Chermoula is one of those North African spice blends/sauces/marinades where each country has their own variation on a theme. Most of the blends start with garlic and coriander. I am using the chermoula as both a marinade for tri-tip and as a sauce, so I made a double batch. Here I am providing the single batch recipe.
The Moroccans usually add dried parsley, cumin, paprika. However, the proportions of each ingredient, I am sure, depends on the spice merchant’s secret family recipe. To make this an Algerian chermoula, replace the dried parsley with one cup of fresh minced cilantro. This sauce looks and may be use like a pesto. Tunisian chermoula is a completely different sauce and includes red onion, raisins and rose petals.
You may make a chermoula blend without oil to use as a quick dry rub for grilling meat. You may also add oil and citrus juice to turn it into a sauce or marinade to top a wide variety of dishes. It is frequently use it to top a finished dish or to stir it into a tajine at the last minute.
I have created my own blend of chermoula and as a final flourish I decided to add a dash of piri-piri. This is a sauce, made with North African piri-piri peppers, that I discovered making last week’s Azores/Portuguese feast. It is not super hot, like North African harissa, but it has a distinctive flavor. In San Jose, piri-piri is available at L & F Fish Market and Bacalhau Grill & Trade Rite Market.
I thought—when I tasted the sauce strait—that it was a bit harsh with all that raw garlic. I tried cooking a spoonful, like I would for a Sichuan Sauce, but that only “muddied” the taste. One idea would be to toast the garlic whole, before crushing it to add to the sauce. I will probably do that next time.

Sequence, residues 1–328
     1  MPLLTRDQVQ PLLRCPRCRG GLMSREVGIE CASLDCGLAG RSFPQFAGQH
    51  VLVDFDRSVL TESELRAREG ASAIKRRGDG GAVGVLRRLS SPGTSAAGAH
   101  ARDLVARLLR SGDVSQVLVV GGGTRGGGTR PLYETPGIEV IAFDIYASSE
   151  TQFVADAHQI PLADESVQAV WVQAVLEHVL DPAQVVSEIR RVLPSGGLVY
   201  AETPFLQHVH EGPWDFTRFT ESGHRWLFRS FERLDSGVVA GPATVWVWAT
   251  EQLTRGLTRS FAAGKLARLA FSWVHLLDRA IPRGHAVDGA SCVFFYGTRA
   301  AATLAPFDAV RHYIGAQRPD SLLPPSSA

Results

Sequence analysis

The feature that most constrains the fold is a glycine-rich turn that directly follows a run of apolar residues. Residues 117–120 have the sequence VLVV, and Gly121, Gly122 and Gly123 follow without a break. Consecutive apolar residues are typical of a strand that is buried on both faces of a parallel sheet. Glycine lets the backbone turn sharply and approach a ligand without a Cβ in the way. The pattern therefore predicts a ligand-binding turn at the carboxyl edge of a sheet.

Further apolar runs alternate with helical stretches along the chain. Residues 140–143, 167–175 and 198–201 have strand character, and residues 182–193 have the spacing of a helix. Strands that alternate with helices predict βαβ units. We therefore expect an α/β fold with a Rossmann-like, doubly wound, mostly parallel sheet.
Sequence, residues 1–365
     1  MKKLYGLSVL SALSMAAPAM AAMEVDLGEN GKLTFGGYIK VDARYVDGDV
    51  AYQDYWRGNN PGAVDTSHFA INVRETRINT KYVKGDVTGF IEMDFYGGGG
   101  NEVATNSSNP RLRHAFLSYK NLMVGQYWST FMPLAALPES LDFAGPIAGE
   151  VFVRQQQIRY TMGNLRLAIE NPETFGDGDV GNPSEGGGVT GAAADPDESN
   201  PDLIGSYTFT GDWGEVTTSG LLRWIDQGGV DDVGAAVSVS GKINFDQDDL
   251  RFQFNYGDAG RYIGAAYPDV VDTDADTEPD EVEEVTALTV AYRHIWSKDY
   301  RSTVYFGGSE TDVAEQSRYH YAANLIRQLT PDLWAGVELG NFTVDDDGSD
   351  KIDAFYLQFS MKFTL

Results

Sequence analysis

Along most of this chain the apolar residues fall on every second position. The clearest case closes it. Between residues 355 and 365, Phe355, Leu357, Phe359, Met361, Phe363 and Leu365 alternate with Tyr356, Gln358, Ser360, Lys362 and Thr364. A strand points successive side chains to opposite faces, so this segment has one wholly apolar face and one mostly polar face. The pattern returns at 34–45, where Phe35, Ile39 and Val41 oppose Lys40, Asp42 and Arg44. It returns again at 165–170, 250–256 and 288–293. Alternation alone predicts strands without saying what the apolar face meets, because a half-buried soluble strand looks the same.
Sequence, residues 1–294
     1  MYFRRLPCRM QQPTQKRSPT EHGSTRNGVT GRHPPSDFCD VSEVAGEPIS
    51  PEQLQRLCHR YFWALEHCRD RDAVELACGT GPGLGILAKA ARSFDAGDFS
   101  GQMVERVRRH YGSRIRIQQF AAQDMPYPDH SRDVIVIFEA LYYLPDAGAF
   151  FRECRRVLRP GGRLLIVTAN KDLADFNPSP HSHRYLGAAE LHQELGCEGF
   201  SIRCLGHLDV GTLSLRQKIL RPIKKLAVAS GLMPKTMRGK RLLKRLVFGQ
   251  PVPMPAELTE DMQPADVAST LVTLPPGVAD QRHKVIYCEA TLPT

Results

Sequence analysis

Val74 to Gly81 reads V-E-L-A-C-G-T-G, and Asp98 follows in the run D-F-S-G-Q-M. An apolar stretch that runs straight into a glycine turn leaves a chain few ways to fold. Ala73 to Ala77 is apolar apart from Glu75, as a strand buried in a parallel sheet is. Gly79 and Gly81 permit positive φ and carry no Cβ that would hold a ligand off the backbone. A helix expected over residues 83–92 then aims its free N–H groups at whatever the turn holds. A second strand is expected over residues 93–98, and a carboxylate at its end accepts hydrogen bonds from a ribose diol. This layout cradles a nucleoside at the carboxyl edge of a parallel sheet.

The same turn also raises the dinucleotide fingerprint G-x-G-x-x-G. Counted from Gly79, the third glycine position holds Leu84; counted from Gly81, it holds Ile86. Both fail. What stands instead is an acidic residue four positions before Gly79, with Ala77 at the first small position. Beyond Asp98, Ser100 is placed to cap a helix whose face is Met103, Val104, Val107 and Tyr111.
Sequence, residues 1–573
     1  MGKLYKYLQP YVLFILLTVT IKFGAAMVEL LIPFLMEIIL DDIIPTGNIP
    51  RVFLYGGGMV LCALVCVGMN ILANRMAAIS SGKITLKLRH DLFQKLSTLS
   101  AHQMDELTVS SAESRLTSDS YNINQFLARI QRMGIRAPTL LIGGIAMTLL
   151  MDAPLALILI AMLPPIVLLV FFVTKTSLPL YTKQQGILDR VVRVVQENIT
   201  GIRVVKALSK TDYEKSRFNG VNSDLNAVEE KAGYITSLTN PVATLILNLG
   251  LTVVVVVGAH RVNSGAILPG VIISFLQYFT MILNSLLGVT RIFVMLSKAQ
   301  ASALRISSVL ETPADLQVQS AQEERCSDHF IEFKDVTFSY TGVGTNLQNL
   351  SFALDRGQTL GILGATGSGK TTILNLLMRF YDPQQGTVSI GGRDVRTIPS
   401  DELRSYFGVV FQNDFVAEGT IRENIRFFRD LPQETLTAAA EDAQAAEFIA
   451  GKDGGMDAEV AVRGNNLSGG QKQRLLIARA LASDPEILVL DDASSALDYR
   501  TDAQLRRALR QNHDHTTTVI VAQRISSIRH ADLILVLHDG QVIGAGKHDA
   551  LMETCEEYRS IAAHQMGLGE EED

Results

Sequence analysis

After Dinner Note: Even as harsh as it was, this was a big hit with the kids. It is not “harsh,” it is “piquant.” I do not like too spicy, but even I thought it could have used more piri-piri.
Karl’s Moroccan Chermoula
1 Tbs. coriander seeds
½ Tbs. cumin seeds
1 tsp. black pepper corns
1 Tbs. smoked paprika
½ Tbs. dried parsley
1 tsp. lemon zest
1 tsp. salt
5 cloves garlic, crushed
¼ cup olive oil
1 Tbs. lemon juice, fresh
½-2 tsp. Piri-piri pepper sauce
1. Toast the coriander, cumin and pepper in a dry small skillet until fragrant, 1-2 minutes.
2. Use a spice grinder to process them into a powder.
Tip: I use a dedicated electric coffee grinder, but you are free to go traditional and use a mortar and pestle.
3. Place the ground spices in a small mixing bowl and add the rest of the sauce ingredients. Mix well.
Tip: How much piri-piri you use depends on your diners’ taste. Jan does not like it too spicy, but Miriam and Chris like it really hot. I am putting the bottle on piri-piri on the table; so that the dinners may spice it up to their heart’s content.
Note: I used ½ teaspoon of piri-piri, and even Jan and I thought this was too little.